Open Access

Yoga Nidra: An innovative approach for management of chronic insomnia- A case report

Sleep Science and Practice20171:7

DOI: 10.1186/s41606-017-0009-4

Received: 7 October 2016

Accepted: 19 January 2017

Published: 12 April 2017

Abstract

Background

Chronic insomnia is a common sleep problem and there is a need to complement the existing treatment options. Yoga nidra practice is documented to be used for sleep by sages. Recently, yoga nidra has been used in patients of menstrual abnormalities, post- traumatic stress disorder, diabetes, anxiety and depression but little is known about its effect on sleep or sleep disorders. Although we find description of yoga nidra in literature, there is no scientific report of its application in sleep disorders. The objective of the study was to develop yoga nidra model in management of chronic insomnia patients. The model was developed using inputs from yoga school trained instructors of yoga nidra.

Case presentations

Patient 01: 60 years old widower with complaints of sleep maintenance insomnia since 20 years. He had worry at daytime regarding falling off to sleep which became even worse at bedtime. He had history of benign prostatic hypertrophy and had no history of any medications for sleep or any other disease. Patient 02: 78 years old male self-employed, company owner with complaints of sleep maintenance insomnia since 15 years. He felt quite energetic during the day due to the work requirement but in the evening started feeling anxious about sleep problem which worsened at bedtime. He was on tablet clonazepam 0.25 mg HS off and on since 1 year. After the baseline assessment, yoga nidra intervention was started followed by five supervised sessions after which the patients were instructed to practice yoga nidra daily on their own. Regular fortnightly follow ups were done till 4 weeks of start of yoga nidra intervention. Repeat PSG was offered in case patient volunteered. Sleep diary parameters were analysed using Friedman test and Wilcoxon Signed Ranks test. There was an improvement in sleep quality, insomnia severity, depression anxiety and stress scores after yoga nidra. The improvement remained even after 3 months of start of intervention. Repeat PSG in second patient showed an increase in N3 after 4 weeks of yoga nidra intervention.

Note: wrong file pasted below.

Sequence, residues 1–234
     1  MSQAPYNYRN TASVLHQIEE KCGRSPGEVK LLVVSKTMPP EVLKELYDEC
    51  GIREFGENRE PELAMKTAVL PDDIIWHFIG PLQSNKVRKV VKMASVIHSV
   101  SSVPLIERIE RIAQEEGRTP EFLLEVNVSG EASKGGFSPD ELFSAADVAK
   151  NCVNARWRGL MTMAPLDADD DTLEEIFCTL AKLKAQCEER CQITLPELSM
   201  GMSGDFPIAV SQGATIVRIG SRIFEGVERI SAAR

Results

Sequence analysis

Conclusion

Yoga nidra can be used as an important adjunct in management of chronic insomnia patients.

Trial registration

CTRI/2013/05/003682 [Registered on: 27/05/2013] Trial Registered Retrospectively.

Keywords

Yoga nidra Chronic insomnia Intervention Yoga nidra intervention model Case report

Background

Chronic insomnia is a common sleep problem and is associated with increased morbidity and mortality (Taylor et al. 2007). Available treatment options include pharmacological and non-pharmacological approach. Studies have shown sleeping pill users at a greater mortality risk (Kripke et al. 2002) and though drugs like zolpidem have been found to be safe for short term use (Schutte-Rodin et al. 2008) but when taken for years these medications also produce unwanted side effects like sleep related eating disorders and sleep walking (Hoque and Chesson 2009) and even increased cancer risk (Kao et al. 2012).

Non pharmacological approach using cognitive behavioral therapy for insomnia (CBTI) is considered beneficial. CBTI though remains the first line of therapy for insomnia but is often underutilized (Schutte-Rodin et al. 2008). Underutilisation of CBTI is reported because of reasons which are both patient centred and system based issues. Patient related reasons include time and cost involvement and limited availability of CBTI trained specialists being a major system based problem.

Complementary and alternative medicine in the form of Kundalini yoga (Khalsa 2004), Tai Chih Chi (Irwin et al. 2008), mindfulness meditation (Ong et al. 2014), acupuncture and Chinese herbal medicines have been tried in insomnia patients. There is a felt need to complement the existing gamut of treatment options for insomnia patients.